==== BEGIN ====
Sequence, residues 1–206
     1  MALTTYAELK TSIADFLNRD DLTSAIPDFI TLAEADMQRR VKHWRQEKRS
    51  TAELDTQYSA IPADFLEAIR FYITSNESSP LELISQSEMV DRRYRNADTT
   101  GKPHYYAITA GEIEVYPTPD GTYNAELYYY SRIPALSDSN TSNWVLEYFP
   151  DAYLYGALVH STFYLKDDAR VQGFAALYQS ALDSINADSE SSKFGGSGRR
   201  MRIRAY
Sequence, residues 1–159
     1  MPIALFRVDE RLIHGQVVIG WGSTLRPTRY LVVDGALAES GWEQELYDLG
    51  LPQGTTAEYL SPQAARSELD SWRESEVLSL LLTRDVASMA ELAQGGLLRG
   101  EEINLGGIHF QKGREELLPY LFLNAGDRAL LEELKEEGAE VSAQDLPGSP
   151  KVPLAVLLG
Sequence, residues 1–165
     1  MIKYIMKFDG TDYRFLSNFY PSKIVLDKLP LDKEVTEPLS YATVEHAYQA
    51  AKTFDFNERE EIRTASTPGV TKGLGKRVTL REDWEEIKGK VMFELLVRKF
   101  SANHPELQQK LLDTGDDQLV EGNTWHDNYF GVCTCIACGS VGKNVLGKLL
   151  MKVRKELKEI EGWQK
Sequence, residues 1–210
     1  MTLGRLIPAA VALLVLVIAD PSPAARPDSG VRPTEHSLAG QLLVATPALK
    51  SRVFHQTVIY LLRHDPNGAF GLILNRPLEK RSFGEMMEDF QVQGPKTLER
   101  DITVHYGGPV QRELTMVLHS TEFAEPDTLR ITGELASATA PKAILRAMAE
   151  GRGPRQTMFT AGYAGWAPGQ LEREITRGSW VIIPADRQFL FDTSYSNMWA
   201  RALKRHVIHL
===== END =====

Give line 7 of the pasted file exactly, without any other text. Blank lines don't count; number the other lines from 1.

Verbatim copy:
Sequence, residues 1–159